We have an exchange server 2003 and our IP address was blacklisted.

When I check the Queue folder in the exchange server root directory, there are tons of Delivery Status Notification (Delay/Failure) emails to be sent out. The email has from: postmaster@ourdomain.com and sent out to different email addresses.

When this happened before, I saw what the IP address (outside our network) in the current sessions that looks like the culprit. So I added it in the blacklist using connection filter in exchange server. This time, when I checked Current Sessions, there were no active connections. But there are still a lot of emails to be sent out from the Queue folder. I have disabled SMTP for now.

I've read in link that if I disable Allow Anonymous Access then I won't be able to receive incoming email from the internet. In the Relay Restrictions dialog, only the localhost computer is in the list. And I have "Allow all computers which successfully authenticate" checked.

How can I find out who is sending out the spam?

Sample email content:

This is an automatically generated Delivery Status Notification.

Delivery to the following recipients failed.



From: postmaster@ourdomain.com
To: info@dhs.gov
Date: Mon, 27 Jan 2014 22:34:47 -0800
MIME-Version: 1.0
Content-Type: multipart/report; report-type=delivery-status;
X-DSNContext: 7ce717b1 - 1194 - 00000002 - 00000000
Message-ID: <xxxxxxxx@ourdomain.com>
Subject: Delivery Status Notification (Failure)

closed as off-topic by joeqwerty, TheCleaner, Dave M, Rob Moir, voretaq7 Feb 3 '14 at 21:44

This question appears to be off-topic. The users who voted to close gave these specific reasons:

  • "Questions must demonstrate a minimal understanding of the problem being solved. Try including attempted solutions, why they didn't work, and the expected results. See How can I ask better questions on Server Fault? for further guidance." – voretaq7
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  • 3
    How can I find out who is sending out the spam? Ask your employees if they're a piece of malware. When one of them says "yes," that's your spammer. – HopelessN00b Jan 28 '14 at 22:25
  • 7
    Well, that's even worse, then. Stop running an open email relay. – HopelessN00b Jan 28 '14 at 22:28
  • 1
    @HopelessN00b I have checked for open relay already and our server is not. I'm not really an expert on server admin. But what else could it possibly be? – John Ng Jan 28 '14 at 22:30
  • 2
    look at the bounces, and look at the auth log, If you allow Auth, it is quite possible one of your users has had their Auth Credentials stolen, and being abused. Or it could be that you are getting tons of incoming to invalid recipients. and exchange is accepting and the bouncing to the envelope sender so you are a blowback source. looking at the DSN might help – Doon Jan 28 '14 at 22:45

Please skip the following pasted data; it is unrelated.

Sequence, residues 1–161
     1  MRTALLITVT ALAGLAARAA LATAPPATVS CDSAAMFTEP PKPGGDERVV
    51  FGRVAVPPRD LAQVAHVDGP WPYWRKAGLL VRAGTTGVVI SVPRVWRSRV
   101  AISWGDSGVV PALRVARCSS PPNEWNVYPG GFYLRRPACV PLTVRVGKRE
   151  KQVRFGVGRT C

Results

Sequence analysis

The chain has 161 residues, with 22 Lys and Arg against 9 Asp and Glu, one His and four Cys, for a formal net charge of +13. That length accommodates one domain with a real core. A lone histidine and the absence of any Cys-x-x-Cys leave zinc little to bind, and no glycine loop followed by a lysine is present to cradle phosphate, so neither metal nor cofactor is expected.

• 5
    If you don't have a competent mail administrator, why are you running your own mail server? Please don't take this the wrong way, but, you should be blacklisted. – David Schwartz Jan 28 '14 at 23:15

"When this happened before, I saw what the IP address (outside our network) in the current sessions that looks like the culprit. So I added it in the blacklist using connection filter in exchange server."

So what you are saying is anyone on the internet that can find your mail server will be allowed to send mail through it, except for this one ip address that you've specifically blocked. This is horrible and the wrong way to run a mail server. You MUST disallow relaying by default, and selectively allow relaying only for your internal network and or trusted addresses.

If (big IF) as your comment says above, you are not an open relay, then how was that address sending through you previously? One of your authenticated sender accounts may be compromised, but you ought to see that in the logs.

  • I used mxtoolbox.com to check if our server is an open relay and it says that it's not. I'm not really sure what the proper setup for exchange server is. I will update my post for further description of our setup. – John Ng Jan 28 '14 at 22:38
  • 4
    @JohnNg "I'm not really sure what the proper setup for exchange server is." With respect, the correct solution to the problem, then, is to hire someone who is and ask them to ensure the system is properly configured. – Rob Moir Jan 28 '14 at 22:45
  • Sure, but this is more of a secondary email domain and we have the primary mail server hosted by a third party provider. I'm trying to maintain this mail server just so I can learn more about server admin. – John Ng Jan 28 '14 at 22:51
  • 4
    @JohnNg if all this is to you is an learning opportunity then this server absolutely and positively should not be connected to the internet. You're currently maintaining the IT equivalent of a public nuisance (en.wikipedia.org/wiki/Public_nuisance) for your own entertainment and you'll get a well deserved email blacklisting for your trouble. – Rob Moir Jan 28 '14 at 22:56
  • 2
    @JohnNg In addition to what RobM said, "learning" on an Exchange 2003 server is a waste of time. It's so old, out-of-date and incredibly different from the newer versions of Exchange that everything you learn on it is going to be worthless. May as well be riding a tricycle to learn how to drive. – HopelessN00b Jan 28 '14 at 23:07

It turned out to be a compromised account. One of the users (no longer actively using this email account) has been hacked and using that account to authenticate to the SMTP server. I found this out after enabling the authentication logs in the event viewer for MsExchange Transport. Thanks a lot to @Doon for the tip.

  • This is the trend lately in sending spam; it's a great way to send legit-looking mail and ride on your hard work establishing a reputation. – Falcon Momot Feb 3 '14 at 6:38

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